LOOKOUT POINT INCLINE RAILROAD and MOUNT LOOKOUT RAILWAY, 1886
Point Lookout became an attraction long before the National Park existed. Visitors began to increase after Chattanooga residents flocked to the mountain to escape the yellow fever epidemic of 1878. Harriet Whiteside, widow of railway and business magnate James Whiteside, owned the only stable road up the mountain, Whiteside Turnpike, the use of which she began to charge a hefty fee for. When a group of entrepeneurs built another road to reach the summit, the Lookout Mountain Turnpike (now Ochs Highway), and offered its use at half the fee, Harriet fenced off access to the Point, which she also owned.
Another group, including some of the rival turnpike crowd, built the Lookout Point Incline Railroad, commonly called Incline No. 1, to a spot just under the Point in 1886. Its base was next to Chattanooga Medicine Company in St. Elmo.
The following year this group began operating a narrow gauge railroad on the summit, the Mount Lookout Railway, commonly referred to as the Narrow Gauge. Its tracks ran along the path now called the Bluff Trail.
The modernistic Point Hotel of several stories and wraparound porches opened in 1888, with a depot on the east for Incline No. 1 and on the west for the Narrow Gauge.
Both Incline No. 1 and the Narrow Gauge ended service in 1899. Its rival, Lookout Incline and Lula Lake Railway electrified the Narrow Gauge and operated over its tracks well into the 20th century.
The stations on the Mount Lookout Railway were as follows.
Point Lookout Hotel
The hotel served as the terminal for this railway and for Incline No. 1.
This depot was at the park above Sunset Rock on the West Brow. At the turn of the century, there was also a Sunrise Park on the East Brow, east of what is now the eastern north-south stretch of Fairyland Trail.
This depot was at the formerly neglected natural rock formation on the mountaintop that has been rehabilitated in the last few years and is now the center of Natural Bridge Park. The ravine in which this feature lies is behind the Episcopal Church of the Good Shepherd. The Natural Bridge is 85 feet long and 15 feet tall.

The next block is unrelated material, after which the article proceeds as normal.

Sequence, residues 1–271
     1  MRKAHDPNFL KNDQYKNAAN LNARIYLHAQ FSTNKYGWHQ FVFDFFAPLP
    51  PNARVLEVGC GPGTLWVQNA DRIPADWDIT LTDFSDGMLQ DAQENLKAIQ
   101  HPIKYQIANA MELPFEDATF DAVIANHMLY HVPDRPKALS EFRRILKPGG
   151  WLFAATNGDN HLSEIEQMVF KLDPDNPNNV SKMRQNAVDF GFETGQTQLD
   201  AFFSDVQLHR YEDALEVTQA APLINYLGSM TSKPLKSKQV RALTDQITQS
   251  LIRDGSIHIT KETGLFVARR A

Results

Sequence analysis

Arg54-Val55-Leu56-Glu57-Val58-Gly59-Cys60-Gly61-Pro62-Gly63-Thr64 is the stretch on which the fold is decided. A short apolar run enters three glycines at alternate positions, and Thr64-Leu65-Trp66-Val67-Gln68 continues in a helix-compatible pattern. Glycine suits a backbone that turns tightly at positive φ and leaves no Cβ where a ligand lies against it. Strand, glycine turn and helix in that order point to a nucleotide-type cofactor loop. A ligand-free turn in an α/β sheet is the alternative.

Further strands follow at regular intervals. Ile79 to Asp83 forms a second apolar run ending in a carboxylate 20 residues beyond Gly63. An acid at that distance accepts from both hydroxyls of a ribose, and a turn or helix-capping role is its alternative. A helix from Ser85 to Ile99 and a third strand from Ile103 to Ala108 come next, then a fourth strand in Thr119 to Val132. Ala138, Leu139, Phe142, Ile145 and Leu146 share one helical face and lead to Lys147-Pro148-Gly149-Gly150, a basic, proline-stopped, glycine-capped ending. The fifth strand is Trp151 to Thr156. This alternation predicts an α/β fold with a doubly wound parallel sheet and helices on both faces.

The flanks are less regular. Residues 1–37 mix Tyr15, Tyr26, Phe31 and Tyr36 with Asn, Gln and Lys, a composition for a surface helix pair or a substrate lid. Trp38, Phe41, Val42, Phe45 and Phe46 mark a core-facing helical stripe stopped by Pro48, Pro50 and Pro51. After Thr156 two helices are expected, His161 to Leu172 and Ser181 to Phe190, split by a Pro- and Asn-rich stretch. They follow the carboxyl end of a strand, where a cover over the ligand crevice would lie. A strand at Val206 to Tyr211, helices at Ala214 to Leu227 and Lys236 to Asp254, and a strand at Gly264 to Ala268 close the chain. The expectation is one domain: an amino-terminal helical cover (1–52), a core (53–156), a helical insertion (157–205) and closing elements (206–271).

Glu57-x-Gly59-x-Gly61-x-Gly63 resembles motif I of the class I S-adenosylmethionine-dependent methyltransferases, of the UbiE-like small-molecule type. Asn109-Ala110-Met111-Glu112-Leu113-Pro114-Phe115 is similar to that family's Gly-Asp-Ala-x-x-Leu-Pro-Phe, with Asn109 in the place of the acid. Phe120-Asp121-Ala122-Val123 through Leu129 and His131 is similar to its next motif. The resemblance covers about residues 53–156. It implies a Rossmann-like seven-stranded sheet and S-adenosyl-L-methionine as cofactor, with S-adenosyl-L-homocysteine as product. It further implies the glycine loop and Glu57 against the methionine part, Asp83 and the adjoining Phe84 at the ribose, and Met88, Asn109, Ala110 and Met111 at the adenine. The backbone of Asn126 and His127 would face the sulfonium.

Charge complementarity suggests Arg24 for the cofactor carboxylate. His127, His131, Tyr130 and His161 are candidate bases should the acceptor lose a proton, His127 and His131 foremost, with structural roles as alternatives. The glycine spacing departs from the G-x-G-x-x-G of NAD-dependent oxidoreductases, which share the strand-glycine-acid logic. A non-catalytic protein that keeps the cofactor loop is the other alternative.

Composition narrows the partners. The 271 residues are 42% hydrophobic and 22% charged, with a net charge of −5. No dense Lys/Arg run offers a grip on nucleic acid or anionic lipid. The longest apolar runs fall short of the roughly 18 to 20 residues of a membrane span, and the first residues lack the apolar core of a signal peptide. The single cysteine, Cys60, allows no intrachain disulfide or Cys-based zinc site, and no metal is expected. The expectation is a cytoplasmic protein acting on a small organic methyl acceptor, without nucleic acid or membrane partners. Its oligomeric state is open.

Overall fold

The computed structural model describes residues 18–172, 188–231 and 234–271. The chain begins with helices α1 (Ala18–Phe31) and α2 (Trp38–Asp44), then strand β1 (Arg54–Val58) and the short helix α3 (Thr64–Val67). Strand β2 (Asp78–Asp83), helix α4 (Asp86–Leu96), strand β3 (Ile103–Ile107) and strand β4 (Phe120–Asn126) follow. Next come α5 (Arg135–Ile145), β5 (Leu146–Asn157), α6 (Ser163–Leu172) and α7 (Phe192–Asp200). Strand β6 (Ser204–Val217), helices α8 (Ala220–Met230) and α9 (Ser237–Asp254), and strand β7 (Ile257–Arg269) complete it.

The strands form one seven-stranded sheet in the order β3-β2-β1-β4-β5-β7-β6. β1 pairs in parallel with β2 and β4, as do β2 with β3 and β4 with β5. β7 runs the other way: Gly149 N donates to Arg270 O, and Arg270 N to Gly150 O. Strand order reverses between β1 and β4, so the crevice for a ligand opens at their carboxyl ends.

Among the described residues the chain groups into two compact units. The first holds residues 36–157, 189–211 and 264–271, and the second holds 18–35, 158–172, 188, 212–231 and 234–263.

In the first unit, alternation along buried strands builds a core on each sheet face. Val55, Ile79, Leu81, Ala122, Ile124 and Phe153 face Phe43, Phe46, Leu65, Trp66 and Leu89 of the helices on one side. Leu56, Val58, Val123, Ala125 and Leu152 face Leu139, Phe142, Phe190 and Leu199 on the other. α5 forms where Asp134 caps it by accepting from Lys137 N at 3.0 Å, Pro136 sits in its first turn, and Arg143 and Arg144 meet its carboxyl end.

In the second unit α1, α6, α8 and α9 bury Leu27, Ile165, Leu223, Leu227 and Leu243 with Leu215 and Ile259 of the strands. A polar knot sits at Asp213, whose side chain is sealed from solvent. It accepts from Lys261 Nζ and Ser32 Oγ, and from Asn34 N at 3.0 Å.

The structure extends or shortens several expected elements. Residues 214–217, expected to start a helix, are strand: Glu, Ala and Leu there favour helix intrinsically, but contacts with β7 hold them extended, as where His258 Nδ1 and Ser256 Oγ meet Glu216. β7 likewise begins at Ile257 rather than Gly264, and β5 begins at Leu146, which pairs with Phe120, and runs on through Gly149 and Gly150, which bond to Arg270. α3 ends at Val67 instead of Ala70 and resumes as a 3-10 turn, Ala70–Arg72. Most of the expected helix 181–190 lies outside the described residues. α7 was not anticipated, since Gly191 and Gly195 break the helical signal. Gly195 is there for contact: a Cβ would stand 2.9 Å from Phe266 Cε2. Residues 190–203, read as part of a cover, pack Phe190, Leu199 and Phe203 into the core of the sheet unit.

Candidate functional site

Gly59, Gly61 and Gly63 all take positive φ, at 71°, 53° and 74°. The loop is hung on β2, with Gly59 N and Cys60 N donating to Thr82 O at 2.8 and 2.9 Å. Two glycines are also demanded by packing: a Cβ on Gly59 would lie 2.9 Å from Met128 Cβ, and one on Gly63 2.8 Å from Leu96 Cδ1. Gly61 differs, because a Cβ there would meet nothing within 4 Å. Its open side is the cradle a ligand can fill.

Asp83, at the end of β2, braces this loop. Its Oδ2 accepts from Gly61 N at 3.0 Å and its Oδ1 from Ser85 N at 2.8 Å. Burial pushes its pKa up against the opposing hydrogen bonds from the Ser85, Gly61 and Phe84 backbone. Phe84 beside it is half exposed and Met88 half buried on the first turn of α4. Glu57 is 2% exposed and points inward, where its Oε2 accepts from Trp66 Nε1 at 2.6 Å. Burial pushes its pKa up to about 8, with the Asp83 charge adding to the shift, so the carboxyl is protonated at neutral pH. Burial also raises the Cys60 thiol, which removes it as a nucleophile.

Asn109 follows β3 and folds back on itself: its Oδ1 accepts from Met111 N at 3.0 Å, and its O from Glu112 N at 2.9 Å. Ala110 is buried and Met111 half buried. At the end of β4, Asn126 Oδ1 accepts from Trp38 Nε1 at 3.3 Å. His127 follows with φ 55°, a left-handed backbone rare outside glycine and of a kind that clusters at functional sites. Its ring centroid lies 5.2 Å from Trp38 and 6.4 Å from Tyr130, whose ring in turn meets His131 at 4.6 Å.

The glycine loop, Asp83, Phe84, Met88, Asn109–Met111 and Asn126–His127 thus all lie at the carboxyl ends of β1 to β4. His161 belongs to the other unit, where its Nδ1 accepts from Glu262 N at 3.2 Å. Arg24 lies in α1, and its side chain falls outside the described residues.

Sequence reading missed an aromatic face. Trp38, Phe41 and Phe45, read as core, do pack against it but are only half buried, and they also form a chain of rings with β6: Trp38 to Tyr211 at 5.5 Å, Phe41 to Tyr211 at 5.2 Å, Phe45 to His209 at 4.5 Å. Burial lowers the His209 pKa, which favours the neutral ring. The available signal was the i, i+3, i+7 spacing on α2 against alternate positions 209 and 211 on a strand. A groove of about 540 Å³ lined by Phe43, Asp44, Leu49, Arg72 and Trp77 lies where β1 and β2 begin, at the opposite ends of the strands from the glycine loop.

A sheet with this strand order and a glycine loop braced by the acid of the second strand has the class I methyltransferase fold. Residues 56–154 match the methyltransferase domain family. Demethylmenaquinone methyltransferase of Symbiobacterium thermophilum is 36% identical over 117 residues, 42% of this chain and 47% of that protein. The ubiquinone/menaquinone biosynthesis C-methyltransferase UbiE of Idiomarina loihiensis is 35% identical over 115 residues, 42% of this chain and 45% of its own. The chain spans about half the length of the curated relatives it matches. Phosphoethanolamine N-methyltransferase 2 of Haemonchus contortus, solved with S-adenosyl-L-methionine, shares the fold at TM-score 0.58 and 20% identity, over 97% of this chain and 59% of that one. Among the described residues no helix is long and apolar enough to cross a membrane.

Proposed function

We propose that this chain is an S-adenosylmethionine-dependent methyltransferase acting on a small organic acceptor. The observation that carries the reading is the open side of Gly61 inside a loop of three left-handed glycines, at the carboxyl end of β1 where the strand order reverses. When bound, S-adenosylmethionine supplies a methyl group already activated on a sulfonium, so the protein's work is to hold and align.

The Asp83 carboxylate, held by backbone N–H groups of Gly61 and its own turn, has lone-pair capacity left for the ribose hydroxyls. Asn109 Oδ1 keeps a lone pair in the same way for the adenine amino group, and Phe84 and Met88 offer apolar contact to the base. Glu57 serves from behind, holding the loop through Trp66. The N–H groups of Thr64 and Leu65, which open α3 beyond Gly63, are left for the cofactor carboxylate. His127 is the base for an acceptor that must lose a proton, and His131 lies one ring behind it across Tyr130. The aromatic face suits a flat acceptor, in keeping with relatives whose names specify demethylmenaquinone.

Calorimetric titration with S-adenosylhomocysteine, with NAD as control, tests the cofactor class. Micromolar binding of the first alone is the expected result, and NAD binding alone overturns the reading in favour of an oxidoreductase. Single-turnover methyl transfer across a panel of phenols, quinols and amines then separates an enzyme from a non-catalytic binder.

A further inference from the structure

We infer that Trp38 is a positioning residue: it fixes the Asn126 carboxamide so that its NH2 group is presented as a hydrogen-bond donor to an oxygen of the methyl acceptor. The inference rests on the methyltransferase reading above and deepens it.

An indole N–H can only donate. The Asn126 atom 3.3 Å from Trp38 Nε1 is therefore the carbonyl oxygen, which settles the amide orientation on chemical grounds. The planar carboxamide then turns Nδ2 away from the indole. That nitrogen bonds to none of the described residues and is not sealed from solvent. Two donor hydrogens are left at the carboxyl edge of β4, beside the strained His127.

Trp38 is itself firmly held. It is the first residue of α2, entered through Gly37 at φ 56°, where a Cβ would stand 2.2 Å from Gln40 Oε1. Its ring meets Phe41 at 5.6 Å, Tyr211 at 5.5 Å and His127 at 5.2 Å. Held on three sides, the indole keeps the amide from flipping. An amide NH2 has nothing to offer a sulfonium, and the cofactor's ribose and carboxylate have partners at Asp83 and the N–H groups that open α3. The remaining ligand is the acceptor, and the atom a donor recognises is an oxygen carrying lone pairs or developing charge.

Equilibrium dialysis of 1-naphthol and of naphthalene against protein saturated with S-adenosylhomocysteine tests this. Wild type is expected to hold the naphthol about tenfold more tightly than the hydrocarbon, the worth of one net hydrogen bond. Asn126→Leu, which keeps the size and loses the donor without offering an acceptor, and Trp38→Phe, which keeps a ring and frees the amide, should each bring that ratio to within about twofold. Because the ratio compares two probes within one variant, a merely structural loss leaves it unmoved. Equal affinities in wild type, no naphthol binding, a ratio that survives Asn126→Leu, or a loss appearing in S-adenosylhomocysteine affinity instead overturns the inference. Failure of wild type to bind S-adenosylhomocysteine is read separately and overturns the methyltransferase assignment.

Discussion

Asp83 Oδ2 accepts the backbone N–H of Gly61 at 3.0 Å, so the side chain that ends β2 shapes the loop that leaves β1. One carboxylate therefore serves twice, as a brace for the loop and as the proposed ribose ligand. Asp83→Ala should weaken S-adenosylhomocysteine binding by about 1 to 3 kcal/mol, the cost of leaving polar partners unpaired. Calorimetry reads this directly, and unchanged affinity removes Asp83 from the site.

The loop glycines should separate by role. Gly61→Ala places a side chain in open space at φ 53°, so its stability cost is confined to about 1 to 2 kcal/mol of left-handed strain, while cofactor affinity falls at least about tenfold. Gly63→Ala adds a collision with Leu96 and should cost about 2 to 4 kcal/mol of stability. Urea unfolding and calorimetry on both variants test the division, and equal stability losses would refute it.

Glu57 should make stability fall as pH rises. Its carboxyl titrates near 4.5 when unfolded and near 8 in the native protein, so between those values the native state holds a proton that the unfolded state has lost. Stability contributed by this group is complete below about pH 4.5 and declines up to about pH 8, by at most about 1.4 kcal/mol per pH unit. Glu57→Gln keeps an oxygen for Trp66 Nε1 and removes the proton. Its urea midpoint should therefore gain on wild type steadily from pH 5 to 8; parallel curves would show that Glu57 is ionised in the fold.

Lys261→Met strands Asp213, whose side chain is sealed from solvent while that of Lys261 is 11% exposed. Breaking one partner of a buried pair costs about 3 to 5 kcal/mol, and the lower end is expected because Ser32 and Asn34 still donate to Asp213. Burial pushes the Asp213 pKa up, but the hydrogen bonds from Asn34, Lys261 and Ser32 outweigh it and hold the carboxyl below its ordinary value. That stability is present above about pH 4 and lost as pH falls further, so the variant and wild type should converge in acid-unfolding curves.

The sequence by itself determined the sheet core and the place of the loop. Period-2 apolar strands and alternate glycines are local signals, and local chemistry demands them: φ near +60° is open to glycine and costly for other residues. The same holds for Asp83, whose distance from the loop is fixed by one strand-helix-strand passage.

MISSION RIDGE INCLINE RAILWAY, 1887
Mission Ridge Incline Railway began as a Forney locomotive operation in 1887, beginning at Ridgedale Junction on the Belt Line. The railway had one locomotive, named for its owner, The George Sherwood. The Chattanooga Electric Street Railroad Company purchased a controlling interest the line in 1889 and electrified it. Trolley service ran until 1945.
While many have claimed the exact route is unknown, the Platt map books in the local history section of the Chattanooga Public Library show that very thing. With the exception of Suburba in the 1904 edition, however, none of the stations on the line are shown.
Other than Ridgedale Junction, Suburba, and Bragg’s Headquarters, these locations are either vague or only speculative.
This depot marked the beginning of the spur line leading up the ridge that formed the Mission Ridge Incline Railway.
For more information, see the section on Union Railway of Chattanooga.
This station, later called “McCallie Avenue”, was indeed on that street at the time. Or, rather, opposite the end of it at the beginning of the curve where it turned into Shallowford Road. Not too many years ago, before McCallie Avenue at the west mouth of the Missionary Ridge Tunnel was redesigned, after coming around this curve coming down from the ridge into town the street became McCallie Avenue at that point. At the time of the Belt Line, the street was McCallie Avenue from its intersection with Bird’s Mill Road on the ridgeside.
The post office of Suburba operated here from 1885 to 1901.
Not the better known feature at the western foot of the ridge, these springs were probably at what was supposed to be a public park between Spring Street (Rose Terrace) and Bird’s Mill Road (Rosemont Drive), named appropriately Spring Park.
My best guess is that this station was at Shallow Ford Gap and the road over it into the Chickamauga Valley.
The length of Rockmeade Drive-Audobon Drive-Vista Drive-Tunnel Boulevard was once known as Shallow Ford Road, but also as Cleveland Pike. The entire length of Cleveland Avenue, even west to East End (Central) Avenue was also known as Shallowford Road, by the way. What’s more, Cleveland Pike was also a name for Lightfoot Mill Road before and after it intersected with what is now Tunnel Boulevard before continuing east over much of what is now Bonny Oaks Drive.
During the Civil War, there was an engagement at Shallow Ford Gap on Missionary Ridge on 22 September 1863 in the aftemath of the Battle of Chickamauga.